November Ada County Market Report: Some Good News, And Some Bad

Single family home sales in November 2013 were 548 in Ada County, a decrease of 3.3% compared to November 2012.  I expected a better month, but sales fell about 30 units short.

Year-to-date sales are 7,385; up 14% over 2012 YTD sales of 6,471.

Dollar volume for November was up 9.5% to $131 million and YTD we are just over $1.7 billion in sales.

We now have had two consecutive months with sales falling behind the previous year. October 2012 was a really strong month; up 19%. November 2012 was pretty good too; up 15%. December is an interesting month for sales. Some years its higher than November. Some years close and some years well below.

The last two months sales have been with 5% of previous year. If that trend continues in December sales will be very near 500 units which will give us a total sales increase for 2013 of 13%.

Days on market averaged 52 in November, no change from October.  Our year-to-date average is 51 days.

New homes sold in November totaled 105; down 14% from November 2012…but slightly stronger than in October

Historically, November sales decrease an average of 9% from October.  November 2013 sales decreased 11% compared to October 2013.

Of the total sales in November, 10% were distressed; up 1% from last month. In November 2012, 24% of sales were distressed.

For the month of November, REO sales (57% of Distressed; 31 total sales) exceeded Short Sales (43% of Distressed; 24 total sales), or the first time in 2013.

Pending sales at the end of November were 831; down 9% from September 2013; but even to what was pending in 2012 at the end of November.

Of Pending sales in distress (13%), there was an increase in the number of Short Sales (from 52% to 59% of activity; 63 total sales) and a decrease in REO sales (from 48% to 41%; 44 total sales).

November median home price was $205,700; up 16% from November 2012. According to NAR’s most recent report;  national median price is $199,500.

New Homes median price for November was $274,161; up 10% from November 2012. For Existing homes the increase is 15% to $185,000.

This is the fifth month in which we’ve been above $200K.

In Ada County, the median family income is $67,519; making a $205,700 home within reach for that “median family income” family.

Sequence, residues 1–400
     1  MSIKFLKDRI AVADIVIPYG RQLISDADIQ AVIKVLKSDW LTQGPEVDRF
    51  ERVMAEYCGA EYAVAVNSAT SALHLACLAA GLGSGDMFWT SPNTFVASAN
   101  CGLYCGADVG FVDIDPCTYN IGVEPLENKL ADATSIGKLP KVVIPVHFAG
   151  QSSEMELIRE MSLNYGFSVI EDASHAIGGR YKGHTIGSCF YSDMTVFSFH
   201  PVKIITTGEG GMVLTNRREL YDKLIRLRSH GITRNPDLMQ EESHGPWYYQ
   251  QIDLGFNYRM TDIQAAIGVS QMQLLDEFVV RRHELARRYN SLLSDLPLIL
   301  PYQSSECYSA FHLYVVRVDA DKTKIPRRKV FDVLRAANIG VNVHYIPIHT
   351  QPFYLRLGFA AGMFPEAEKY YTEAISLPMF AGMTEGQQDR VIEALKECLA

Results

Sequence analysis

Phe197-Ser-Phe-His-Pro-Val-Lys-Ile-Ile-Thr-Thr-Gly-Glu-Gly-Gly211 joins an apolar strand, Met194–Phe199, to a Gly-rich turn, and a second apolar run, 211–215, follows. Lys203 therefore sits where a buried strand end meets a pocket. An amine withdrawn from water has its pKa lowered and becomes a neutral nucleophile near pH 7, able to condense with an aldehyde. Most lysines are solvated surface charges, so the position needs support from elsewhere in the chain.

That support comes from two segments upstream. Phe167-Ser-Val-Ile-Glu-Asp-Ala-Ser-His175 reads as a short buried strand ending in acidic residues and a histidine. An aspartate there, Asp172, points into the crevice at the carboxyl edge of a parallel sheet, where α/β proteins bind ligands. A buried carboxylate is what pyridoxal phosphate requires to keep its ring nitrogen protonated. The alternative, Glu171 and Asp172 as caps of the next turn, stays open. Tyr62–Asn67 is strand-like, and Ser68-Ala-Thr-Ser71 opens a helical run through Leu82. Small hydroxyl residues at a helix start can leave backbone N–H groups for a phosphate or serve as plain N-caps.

The number of houses available for sale at the end of November decreased 10% from October 2013 to 2,263.  This is the third consecutive month of decrease.  This is 21% more than last year at this time. Since January we have increased the number of single family homes for sale by 36%, allowing us to grow our YTD sales increase.

Historically, inventory decreases steadily from August to December. Anecdotally, I’ve spoken with several sellers who listed their homes in September/October at an aggressive price; then took one or two reductions before pulling the listing from the market, deciding to wait until Spring 2014.

Of the total active listings, 11% are distressed, up 1% from the end of October 203.

With inventory experiencing seasonal decreases and the percentage of distressed inventory holding very low, median home price will remain strong through the end of this year.

Of our Distressed Inventory, 71% is Short Sales (163) and 29% is REO (66).

Available inventory decreased at all price points except in the $120,000 to $160,000 range, with an increase of 16 homes.

In Ada County we now have 3.9 months of inventory on hand, up a little from the end of October.

The price category in shortest supply is <$100K where we have 1.8 months. All price points up to $400,000 have a 4 month’s supply. Above $400,000 the supply is closer to five months.  Remembering that six months of available inventory describes a “stable real estate market”; it looks like we are heading into a period of “normal” like we haven’t seen in several years.

Of sales in November, the most popular price point was $120,000 to $160,000 (21%); followed by $160,000 to $200,000 (17%), $200,000 to $250,000 with 14%.

So…what’s next?

Lawrence Yun, NAR chief economist, said a flattening trend is expected. “The erosion in buying power is dampening home sales,” he said. “Moreover, low inventory is holding back sales while at the same time pushing up home prices in most of the country. More new home construction is needed to help relieve the inventory pressure and moderate price gains.”

For Ada County, the positives that have helped push the pace of our recovery past the national average are still in place; growing population, jobs creation and quality of life issues will bridge us through the slow winter months.